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Karnoski v. Trump

United States District Court, W.D. Washington, Seattle

July 27, 2018

RYAN KARNOSKI, et al., Plaintiffs,
v.
DONALD J. TRUMP, et al., Defendants.

          ORDER GRANTING MOTION TO COMPEL; DENYING MOTION FOR PROTECTIVE ORDER

          MARSHA J. PECHMAN UNITED STATES DISTRICT JUDGE

         THIS MATTER comes before the Court on Plaintiffs' Motion to Compel Defendants' Discovery Withheld Under the Deliberative Process Privilege (Dkt. No. 245) and Defendants' Motion for Protective Order (Dkt. No. 268). Having reviewed the Motions, the Responses (Dkt. Nos. 266, 278), the Replies (Dkt. Nos. 273, 281), the Supplemental Briefs (Dkt. Nos. 289, 292, 293) and the related record, and having considered the submissions of the parties at oral argument, the Court GRANTS Plaintiffs' Motion to Compel and DENIES Defendants' Motion for Protective Order.

         Background

         I. Procedural History

         On July 26, 2017, President Donald J. Trump announced a ban on military service by openly transgender people (the “Ban”). On March 23, 2018, following the Court's entry of a preliminary injunction, the President issued a Presidential Memorandum (the “2018 Memorandum”) directing the Department of Defense (“DoD”) to implement the Ban. (Dkt. No. 224, Ex. 3.) That same day, Defendants moved to dissolve the preliminary injunction. (Dkt. No. 215.) On March 29, 2018, Defendants requested to preclude discovery pending resolution of their motion to dissolve the preliminary injunction. (Dkt. No. 225.) The Court denied that request and ordered discovery in the case to proceed. (Dkt. No. 235.) The Court explained:

To the extent that Defendants intend to claim executive privilege, they must “expressly make the claim” and provide a privilege log “describ[ing] the nature of the documents, communications, or tangible things not produced or disclosed-and do so in a manner that, without revealing information itself privileged or protected, will enable other parties to assess the claim.”

(Id. at 3 (quoting Fed.R.Civ.P. 26(b)(5)(i)-(ii)).)

         On April 13, 2018, the Court ordered the preliminary injunction to remain in effect and granted partial summary judgment against the Ban. (See Dkt. No. 233.) The Court held that the Ban would be subject to strict scrutiny, but declined to rule on its constitutional adequacy. (Id.) The Court observed that “[w]hether Defendants have satisfied their burden of showing that the Ban is constitutionally adequate (i.e., that it was sincerely motivated by compelling state interests, rather than by prejudice or stereotype) necessarily turns on facts related to Defendants' deliberative process.” (Id. at 28.) Because those facts were not yet before it, the Court directed the parties “to proceed with discovery and prepare for trial on the issues of whether, and to what extent, deference is owed to the Ban and whether the Ban violates equal protection, substantive due process, and the First Amendment.” (Id. at 31.) Defendants filed a notice of appeal and requested that the Ninth Circuit stay the preliminary injunction pending its review. (Dkt. No. 236); see also Karnoski v. Trump, No. 18-35347, Dkt. No. 3 (9th Cir. May 4, 2018). On July 18, 2018, the Ninth Circuit denied the request, holding that “a stay of the preliminary injunction would upend, rather than preserve, the status quo.” (Dkt. No. 295.) The appeal is set to be heard in October 2018. (Dkt. No. 296.)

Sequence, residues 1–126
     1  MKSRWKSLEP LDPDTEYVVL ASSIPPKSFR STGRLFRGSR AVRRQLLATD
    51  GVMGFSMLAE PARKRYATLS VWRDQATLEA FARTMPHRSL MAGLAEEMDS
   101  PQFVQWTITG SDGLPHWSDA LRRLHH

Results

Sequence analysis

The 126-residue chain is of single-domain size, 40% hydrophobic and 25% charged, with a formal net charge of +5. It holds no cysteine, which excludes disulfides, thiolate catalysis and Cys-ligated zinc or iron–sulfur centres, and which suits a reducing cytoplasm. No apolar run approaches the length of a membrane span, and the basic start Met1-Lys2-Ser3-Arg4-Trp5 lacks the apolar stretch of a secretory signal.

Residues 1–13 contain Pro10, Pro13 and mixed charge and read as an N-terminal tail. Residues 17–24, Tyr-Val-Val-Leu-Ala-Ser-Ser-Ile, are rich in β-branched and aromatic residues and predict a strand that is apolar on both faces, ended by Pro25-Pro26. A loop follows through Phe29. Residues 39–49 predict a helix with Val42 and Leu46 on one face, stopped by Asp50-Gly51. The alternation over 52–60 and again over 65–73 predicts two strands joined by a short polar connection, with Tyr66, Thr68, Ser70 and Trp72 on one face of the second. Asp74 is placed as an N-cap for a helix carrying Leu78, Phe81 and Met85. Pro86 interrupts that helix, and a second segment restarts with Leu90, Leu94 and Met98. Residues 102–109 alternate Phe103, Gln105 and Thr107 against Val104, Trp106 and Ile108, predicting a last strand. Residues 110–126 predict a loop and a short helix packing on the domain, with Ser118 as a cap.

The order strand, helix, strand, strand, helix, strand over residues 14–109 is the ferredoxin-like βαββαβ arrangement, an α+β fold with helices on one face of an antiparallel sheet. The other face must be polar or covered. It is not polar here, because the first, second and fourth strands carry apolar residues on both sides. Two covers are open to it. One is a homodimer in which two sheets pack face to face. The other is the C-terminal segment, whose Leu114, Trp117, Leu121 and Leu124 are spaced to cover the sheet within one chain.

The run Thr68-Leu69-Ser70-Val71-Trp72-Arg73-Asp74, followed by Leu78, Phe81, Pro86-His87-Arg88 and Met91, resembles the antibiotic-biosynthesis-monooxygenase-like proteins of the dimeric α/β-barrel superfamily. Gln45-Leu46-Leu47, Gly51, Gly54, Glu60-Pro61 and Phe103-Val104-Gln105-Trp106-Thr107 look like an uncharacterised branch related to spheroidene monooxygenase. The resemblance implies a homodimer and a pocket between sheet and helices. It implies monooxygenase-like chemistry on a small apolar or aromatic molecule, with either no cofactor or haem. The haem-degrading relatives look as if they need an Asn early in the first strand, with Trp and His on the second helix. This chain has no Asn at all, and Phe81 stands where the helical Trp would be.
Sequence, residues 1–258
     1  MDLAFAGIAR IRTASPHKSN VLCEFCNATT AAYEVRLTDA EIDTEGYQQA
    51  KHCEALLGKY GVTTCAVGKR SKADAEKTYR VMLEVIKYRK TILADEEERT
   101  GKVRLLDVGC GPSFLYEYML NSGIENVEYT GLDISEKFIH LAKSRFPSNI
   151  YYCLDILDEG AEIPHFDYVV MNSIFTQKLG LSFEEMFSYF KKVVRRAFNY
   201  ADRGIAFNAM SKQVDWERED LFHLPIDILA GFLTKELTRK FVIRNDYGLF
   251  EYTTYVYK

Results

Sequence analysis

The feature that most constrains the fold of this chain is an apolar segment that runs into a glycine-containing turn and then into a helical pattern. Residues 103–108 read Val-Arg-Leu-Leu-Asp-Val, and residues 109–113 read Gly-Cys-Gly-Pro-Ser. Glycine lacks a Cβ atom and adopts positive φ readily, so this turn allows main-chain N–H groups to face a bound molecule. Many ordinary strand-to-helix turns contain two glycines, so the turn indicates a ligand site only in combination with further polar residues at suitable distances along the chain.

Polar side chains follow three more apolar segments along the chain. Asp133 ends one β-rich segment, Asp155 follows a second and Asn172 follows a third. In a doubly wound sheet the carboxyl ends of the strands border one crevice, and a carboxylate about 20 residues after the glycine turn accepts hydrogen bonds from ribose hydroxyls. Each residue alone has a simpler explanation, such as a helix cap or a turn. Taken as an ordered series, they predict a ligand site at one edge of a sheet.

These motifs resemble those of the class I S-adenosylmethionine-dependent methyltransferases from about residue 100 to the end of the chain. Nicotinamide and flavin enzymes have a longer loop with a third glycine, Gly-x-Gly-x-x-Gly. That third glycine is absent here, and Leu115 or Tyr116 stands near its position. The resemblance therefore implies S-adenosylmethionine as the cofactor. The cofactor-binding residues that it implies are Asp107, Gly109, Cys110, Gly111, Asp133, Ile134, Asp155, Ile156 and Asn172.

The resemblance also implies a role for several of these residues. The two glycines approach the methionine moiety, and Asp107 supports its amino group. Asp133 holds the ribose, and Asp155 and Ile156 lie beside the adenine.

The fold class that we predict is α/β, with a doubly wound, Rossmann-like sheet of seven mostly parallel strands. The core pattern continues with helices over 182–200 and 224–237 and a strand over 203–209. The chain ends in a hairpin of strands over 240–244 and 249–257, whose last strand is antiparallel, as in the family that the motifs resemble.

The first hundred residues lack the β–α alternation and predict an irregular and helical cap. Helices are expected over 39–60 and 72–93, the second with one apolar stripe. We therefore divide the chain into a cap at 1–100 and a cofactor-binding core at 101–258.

II. The Requested Discovery

         Throughout this litigation, Plaintiffs have sought discovery regarding:

• The identity of the individuals with whom President Trump discussed or corresponded regarding policies on military service by transgender people;
• The date on which President Trump decided that transgender people should be banned from military service;
• The process by which President Trump formulated the Ban, including identification of “all sources of fact or opinion” he “consulted, considered, or otherwise referred to” in formulating the Ban;
• Documents and communications related to President Trump's consultation with employees, agents, contractors, or consultants of the United States Armed Forces regarding military service by transgender people;
• Documents and communications relating to, and including all drafts of, the 2017 Memorandum;
• Communications between President Trump and Congress concerning military service by transgender people prior to August 26, 2017; and
• Documents relating to visits and communications between President Trump and his ...

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